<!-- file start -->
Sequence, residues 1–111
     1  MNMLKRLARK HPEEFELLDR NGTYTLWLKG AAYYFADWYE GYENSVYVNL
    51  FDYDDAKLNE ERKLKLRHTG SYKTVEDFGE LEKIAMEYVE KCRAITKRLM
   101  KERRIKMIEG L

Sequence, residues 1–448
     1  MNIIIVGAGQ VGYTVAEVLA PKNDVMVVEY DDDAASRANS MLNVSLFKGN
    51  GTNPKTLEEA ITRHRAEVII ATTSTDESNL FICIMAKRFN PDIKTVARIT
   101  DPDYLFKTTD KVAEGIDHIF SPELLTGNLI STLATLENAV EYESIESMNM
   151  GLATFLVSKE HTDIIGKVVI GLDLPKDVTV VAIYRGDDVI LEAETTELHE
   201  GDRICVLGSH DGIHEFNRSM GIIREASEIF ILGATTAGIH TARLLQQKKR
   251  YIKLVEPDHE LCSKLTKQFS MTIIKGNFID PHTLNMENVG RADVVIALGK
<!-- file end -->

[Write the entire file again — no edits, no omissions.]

Sequence, residues 1–111
     1  MNMLKRLARK HPEEFELLDR NGTYTLWLKG AAYYFADWYE GYENSVYVNL
    51  FDYDDAKLNE ERKLKLRHTG SYKTVEDFGE LEKIAMEYVE KCRAITKRLM
   101  KERRIKMIEG L

Sequence, residues 1–448
     1  MNIIIVGAGQ VGYTVAEVLA PKNDVMVVEY DDDAASRANS MLNVSLFKGN
    51  GTNPKTLEEA ITRHRAEVII ATTSTDESNL FICIMAKRFN PDIKTVARIT
   101  DPDYLFKTTD KVAEGIDHIF SPELLTGNLI STLATLENAV EYESIESMNM
   151  GLATFLVSKE HTDIIGKVVI GLDLPKDVTV VAIYRGDDVI LEAETTELHE
   201  GDRICVLGSH DGIHEFNRSM GIIREASEIF ILGATTAGIH TARLLQQKKR
   251  YIKLVEPDHE LCSKLTKQFS MTIIKGNFID PHTLNMENVG RADVVIALGK